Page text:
LOS ANGELES, United States (Kurdistan24) – Lozan Yamolky’s debut poetry collection I’m No Hero is heartful and sympathetic, political and personal, passionate and compassionate.
The collection voices the distress of the victims of war and destruction, people who lose their homes and become uninvited and unwelcomed guests in foreign countries.
At a time when an unprecedented 65.3 million people—nearly 34,000 people every day—are forcibly displaced as a result of conflict or persecution, the pertinent I’m No Hero puts a human face on dehumanized refugees.
“You cannot kill me
because I am dying every day.
Can you not see it in the news?
I am counted,
declared collateral damage,
and most times, not mentioned at all.
I am forgotten
soon after the memorable,
brilliantly colored commercial breaks.
You cannot kill me
because poets of the world know about me:
I am the immortal refugee.”
Yamolky’s poetry deplores those who dismiss the pain of the displaced either because of profit or out of apathy and ignorance.
I’m No Hero urges the audience to go back to the time when they had not learned to hate.
“War is a successful legitimate business. It is legal.
It is politically lawful;
and it is profitable.”
Additionally, I’m No Hero dabs into little anecdotes of parent-children relationships, loyalty and betrayal, and ethical dilemmas.
Spinning various tales, this Kurdish poet brings in her compassion and empathy into her writing as she speaks diverse characters’ minds.
Published by Silver Bow Publishing in British Columbia, Canada, 2016, Yamolsky’s poetry is described by Ariadne Sawyer as a collection that “shares the joys and sorrows of the world, mixing the beauty of poems with painful reality.”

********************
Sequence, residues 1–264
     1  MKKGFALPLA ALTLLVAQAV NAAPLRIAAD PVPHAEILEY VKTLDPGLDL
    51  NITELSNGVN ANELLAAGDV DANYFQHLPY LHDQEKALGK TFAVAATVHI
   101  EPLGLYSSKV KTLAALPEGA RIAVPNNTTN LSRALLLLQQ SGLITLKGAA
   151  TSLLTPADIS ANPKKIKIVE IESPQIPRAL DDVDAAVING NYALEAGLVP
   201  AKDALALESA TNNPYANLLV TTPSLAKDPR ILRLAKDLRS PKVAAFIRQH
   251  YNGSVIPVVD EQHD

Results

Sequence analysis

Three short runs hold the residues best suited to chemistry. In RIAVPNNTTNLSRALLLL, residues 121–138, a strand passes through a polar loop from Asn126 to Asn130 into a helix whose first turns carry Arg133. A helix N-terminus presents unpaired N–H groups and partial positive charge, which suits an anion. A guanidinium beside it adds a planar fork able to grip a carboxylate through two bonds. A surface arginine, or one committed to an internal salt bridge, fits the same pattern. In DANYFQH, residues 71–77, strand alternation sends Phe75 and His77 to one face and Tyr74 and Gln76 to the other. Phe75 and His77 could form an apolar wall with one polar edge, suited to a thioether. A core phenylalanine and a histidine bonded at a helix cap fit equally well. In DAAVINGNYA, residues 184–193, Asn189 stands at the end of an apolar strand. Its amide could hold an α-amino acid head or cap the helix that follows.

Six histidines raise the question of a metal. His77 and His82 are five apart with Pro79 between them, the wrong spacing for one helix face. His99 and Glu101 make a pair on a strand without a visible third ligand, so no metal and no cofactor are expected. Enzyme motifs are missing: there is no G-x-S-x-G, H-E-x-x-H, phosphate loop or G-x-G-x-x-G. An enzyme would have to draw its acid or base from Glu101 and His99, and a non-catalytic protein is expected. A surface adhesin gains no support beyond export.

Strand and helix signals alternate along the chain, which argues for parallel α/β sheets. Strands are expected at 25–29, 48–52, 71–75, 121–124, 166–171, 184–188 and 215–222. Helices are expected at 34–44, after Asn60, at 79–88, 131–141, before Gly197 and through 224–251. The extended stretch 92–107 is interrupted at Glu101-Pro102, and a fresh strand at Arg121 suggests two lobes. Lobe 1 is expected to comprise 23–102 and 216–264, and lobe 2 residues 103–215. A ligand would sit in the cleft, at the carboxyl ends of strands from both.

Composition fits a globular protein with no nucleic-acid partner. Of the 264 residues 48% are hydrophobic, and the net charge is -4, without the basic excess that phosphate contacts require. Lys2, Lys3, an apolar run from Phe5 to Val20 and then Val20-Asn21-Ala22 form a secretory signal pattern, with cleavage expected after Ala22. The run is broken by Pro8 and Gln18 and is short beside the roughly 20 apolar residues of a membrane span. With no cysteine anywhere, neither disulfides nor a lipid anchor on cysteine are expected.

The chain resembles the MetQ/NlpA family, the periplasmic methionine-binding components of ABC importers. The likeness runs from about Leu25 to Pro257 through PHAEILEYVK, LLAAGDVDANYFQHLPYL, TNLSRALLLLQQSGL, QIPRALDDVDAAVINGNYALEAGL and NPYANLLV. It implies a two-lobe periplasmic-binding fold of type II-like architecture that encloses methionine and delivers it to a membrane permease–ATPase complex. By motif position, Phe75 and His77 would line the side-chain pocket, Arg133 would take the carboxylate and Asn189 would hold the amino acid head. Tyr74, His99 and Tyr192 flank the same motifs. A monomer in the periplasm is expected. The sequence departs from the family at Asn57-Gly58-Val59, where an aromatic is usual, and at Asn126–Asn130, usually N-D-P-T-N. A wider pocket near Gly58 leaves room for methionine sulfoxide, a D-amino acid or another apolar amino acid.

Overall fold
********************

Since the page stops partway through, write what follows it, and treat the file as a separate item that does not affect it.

Born to a Kurdish family in Baghdad in 1972, Yamolsky left home in 1994 for Turkey and settled in Canada in 1995. She is a mother of two sons.
Editing by Karzan Sulaivany
Published by Lozan Yamolky
First and foremost, I would like to acknowledge that I humbly live on the traditional, unceeded territories of the səlil̓wətaʔɬ (Tsleil-Waututh), Sḵwx̱wú7mesh (Squamish) & xʷməθkʷəy̓əm (Musqueam) Nations. Thank you for allowing me to live on your land —Vancouver, BC Canada.
I am a Canadian citizen who migrated from Kurdistan —Present day Northern Iraq, in 1995 after spending over a year as an asylum seeker in Turkey.
I was born and raised in Baghdad in 1972, I am the fifth of eleven children; three boys and seven girls –one brother passed away in infancy.
I am the author of ( I’m No Hero) and ( Counting Waves ) published by: Silver Bow Publishing. I am dedicating my third book of poems ( Dreamers Needed ) to my teenage boys, Trey, 15 and Wyatt, 13.
I started reciting my poems for the first time in 2013 at The Holy Wow Poets Canada in Maple Ridge. I am currently a member of the Canadian Authors Association, Federation of BC Writers, The Royal City Literary Art Society and the Holy Wow Poets Canada. I am presently the secretary of the Royal City Literary Arts Society. I work as a freelance interpreter.
I was commissioned in the fall of 2017 to write a poem about the refugee experience to DaCapo Chamber Choir in Toronto. The event will feature my poem “I am here” in spring 2019.
I was one of the recipients of the 2018 Distinguished Poet Award from WIN– Writers International Network Canada and was 3rd place winner at the 2018 Tagore Festival Peace Poems contest. Since first sharing my poetry in 2013, I have featured in numerous poetry events throughout the Greater Vancouver area.
My work has been published in The Royal City Poets Anthologies (Silver Bow Publishing), The Royal City Literary Arts Society online magazine eZine, Wordplay at Work, Creative Quills Ink Verse (North Vancouver), Celebrate Canada 150 and Culture Days From Far and Wide (Multicultural Creative Writing Collection 2017) and the 2018 Holy Wow Poets Anthology (Maple Ridge).
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